twAitter is unique in that it allows us to rotate and repeat our tweets. Social Oomph allows for a similar functionality (and a lot more), but it’s a premium service for which you’d have to pay. twAitter, on the other hand, is free.
Why would you want to repeat your tweets?
Twitter is a drive-by platform. Most people login for 10-20 minutes at a time and unless they see your tweet in that time, chances are they will never see it. Unless you repeat yourself.
Don’t abuse this awesome power.
Guy Kawasaki repeats his tweets four times with at least several hours in between. I repeat my tweets every few days but do not limit myself to four.
Now that you have thousands of followers, you will need to organize them and keep an eye on the really interesting ones. In comes TweetDeck.
TweetDeck gives you the ability to create panels based on your lists, retweet now or later, keep an eye on your fav tweeps and much more.
Without TweetDeck, this would be an overwhelming and time-consuming prospect.
TweetChat allows you to isolate the conversation based on the hashtag.
This is a two-in-one kind of tool.
In the sea of tweets, it's easy to lose track of your favorite hashtag. TweetChat to the rescue.
It not only helps you generate followers, but it does this by first creating a familiarity and depth before the follow itself occurs. How?
Hashtags (#) and the way they can be used on Twitter are a great big untapped resource for many Twitter residents.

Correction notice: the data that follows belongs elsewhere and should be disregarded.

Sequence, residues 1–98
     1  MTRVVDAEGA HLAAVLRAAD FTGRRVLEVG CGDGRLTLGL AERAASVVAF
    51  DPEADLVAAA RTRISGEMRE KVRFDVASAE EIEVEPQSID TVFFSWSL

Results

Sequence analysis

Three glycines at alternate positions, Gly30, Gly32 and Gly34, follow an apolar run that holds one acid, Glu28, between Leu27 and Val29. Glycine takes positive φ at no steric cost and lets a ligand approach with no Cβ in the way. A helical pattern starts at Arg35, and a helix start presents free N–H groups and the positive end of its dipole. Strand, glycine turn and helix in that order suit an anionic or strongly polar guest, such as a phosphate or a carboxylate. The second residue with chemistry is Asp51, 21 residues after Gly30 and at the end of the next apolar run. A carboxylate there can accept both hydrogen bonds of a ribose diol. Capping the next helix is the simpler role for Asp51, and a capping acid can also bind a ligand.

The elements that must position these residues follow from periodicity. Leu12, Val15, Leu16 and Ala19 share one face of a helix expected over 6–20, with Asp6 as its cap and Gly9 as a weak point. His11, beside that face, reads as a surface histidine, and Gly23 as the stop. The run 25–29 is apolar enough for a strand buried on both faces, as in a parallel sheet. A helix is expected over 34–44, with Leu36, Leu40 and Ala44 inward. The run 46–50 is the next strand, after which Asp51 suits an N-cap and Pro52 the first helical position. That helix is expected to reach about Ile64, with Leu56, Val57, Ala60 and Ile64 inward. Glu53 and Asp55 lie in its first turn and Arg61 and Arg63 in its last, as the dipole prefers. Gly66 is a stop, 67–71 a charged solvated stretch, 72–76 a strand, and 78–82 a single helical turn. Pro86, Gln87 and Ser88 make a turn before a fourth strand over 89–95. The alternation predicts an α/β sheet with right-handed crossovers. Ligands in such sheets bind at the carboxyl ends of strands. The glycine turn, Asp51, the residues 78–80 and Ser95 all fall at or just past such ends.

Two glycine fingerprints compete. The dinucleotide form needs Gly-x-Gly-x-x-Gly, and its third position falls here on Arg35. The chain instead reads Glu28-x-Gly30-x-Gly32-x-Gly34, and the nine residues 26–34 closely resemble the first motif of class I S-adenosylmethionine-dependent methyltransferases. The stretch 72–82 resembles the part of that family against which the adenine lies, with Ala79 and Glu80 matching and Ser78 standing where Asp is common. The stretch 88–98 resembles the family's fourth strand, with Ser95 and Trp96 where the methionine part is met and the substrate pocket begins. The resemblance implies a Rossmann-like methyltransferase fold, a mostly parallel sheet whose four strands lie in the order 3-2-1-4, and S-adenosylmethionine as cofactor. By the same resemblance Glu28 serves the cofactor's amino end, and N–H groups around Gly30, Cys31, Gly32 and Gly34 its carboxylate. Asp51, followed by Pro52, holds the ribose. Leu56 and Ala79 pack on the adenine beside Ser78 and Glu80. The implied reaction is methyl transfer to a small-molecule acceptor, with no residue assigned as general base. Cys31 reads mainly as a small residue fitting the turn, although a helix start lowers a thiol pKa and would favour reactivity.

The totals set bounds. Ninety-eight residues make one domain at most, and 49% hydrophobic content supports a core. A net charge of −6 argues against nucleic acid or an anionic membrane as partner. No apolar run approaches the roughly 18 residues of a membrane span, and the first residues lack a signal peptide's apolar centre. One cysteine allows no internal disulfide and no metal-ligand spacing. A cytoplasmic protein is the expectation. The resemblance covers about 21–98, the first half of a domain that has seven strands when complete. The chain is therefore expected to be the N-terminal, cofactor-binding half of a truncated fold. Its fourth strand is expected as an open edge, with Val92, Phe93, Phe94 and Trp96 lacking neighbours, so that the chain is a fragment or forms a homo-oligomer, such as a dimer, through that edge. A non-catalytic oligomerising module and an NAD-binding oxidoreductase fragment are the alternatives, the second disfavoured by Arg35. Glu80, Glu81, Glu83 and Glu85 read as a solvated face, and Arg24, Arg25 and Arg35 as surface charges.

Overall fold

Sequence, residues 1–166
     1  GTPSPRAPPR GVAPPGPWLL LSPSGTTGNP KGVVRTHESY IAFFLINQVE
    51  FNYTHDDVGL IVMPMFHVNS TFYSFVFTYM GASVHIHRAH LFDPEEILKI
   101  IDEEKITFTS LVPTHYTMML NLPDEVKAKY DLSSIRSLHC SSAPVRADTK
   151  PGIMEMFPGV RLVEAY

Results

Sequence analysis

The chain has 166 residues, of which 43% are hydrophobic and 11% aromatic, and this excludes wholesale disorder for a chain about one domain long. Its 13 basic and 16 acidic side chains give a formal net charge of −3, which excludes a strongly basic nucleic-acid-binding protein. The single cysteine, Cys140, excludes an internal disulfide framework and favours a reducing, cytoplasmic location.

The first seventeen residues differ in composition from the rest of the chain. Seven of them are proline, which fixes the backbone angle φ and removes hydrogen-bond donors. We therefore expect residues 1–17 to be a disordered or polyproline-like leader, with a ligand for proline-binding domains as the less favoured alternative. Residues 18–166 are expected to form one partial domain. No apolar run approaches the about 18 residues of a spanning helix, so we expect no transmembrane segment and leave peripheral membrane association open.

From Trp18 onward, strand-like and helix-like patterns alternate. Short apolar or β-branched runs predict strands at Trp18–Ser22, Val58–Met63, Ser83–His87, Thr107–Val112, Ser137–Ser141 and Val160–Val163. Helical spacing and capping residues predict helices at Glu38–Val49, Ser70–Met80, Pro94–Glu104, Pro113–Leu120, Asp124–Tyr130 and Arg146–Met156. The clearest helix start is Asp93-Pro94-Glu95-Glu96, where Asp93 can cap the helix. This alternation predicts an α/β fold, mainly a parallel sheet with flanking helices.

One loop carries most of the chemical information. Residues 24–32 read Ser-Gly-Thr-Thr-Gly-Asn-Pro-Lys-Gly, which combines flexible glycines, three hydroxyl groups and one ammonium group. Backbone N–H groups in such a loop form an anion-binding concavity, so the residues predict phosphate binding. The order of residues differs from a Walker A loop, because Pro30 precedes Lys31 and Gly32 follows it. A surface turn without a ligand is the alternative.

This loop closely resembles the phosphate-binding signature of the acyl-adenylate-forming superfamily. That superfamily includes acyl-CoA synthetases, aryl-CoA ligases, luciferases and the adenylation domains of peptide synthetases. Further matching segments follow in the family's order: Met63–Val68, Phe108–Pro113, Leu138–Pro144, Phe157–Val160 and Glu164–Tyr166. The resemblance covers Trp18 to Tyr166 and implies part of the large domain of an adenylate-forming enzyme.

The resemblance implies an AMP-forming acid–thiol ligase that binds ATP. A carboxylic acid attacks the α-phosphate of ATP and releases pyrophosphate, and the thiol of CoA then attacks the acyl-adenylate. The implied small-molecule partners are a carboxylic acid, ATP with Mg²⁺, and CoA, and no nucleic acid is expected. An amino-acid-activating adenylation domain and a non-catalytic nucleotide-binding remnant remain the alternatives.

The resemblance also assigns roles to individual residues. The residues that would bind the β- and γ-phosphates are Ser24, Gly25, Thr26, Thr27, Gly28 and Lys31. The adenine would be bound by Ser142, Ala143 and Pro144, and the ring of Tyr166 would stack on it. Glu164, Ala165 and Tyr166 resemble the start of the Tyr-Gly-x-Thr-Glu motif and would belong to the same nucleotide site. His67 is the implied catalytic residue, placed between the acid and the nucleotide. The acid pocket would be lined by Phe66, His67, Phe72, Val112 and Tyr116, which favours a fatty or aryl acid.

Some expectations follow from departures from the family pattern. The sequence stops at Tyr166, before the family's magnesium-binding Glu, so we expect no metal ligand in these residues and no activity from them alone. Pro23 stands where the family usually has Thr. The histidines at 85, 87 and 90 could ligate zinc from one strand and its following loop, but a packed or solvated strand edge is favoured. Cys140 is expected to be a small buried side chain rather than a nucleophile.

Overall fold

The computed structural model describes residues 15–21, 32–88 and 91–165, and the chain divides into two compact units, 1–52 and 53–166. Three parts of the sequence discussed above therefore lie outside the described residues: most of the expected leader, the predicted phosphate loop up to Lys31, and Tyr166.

Here’s an example:
If you tune into Twitter every Monday night around 9 pm EST, you might see an excessive appearance of the #dogtalk hashtag.
The #dogtalk crew brings in interesting dog people every week and interviews them about their goings-on. Many folks tune in using TweetChat to follow and participate in the conversation.
If you’ve participated in the conversation and actually contributed in some small way, a funny thing happens.
Other participants see you as interesting and decide to follow you. The right thing to do now is to reciprocate, of course.
Bonus #6: Super-Secret Bonus Twitter Tool
This tool is the best, most important tool of them all. It works in an entirely different way than any other tools we’ve mentioned.
Here’s the big secret. It’s you.
Be useful. Be interesting. Be compelling.
Take this post as an example. Do you think that this post will generate followers for me? Of course it will. A bonus here is that the relationship has started “on the right foot.” I’m a real person (a somewhat rare commodity on Twitter), I have something useful to share (at least I hope it will be useful to you) and hopefully it will compel you to check me out and be my friend on Twitter.
Do you use any of these Twitter tools? Got some to add? Leave us your comments in the box below.
About the Author, Dino Dogan
Read more at www.socialmediaexaminer.com
Dino Dogan is a blogger, writer, motorcyclist, dog trainer, singer/songwriter and martial artist. He's currently working on Human-Dog Problem Tree, a thesis in human-dog relationships. His home is at http://diyblogger.net Other posts by Dino Dogan »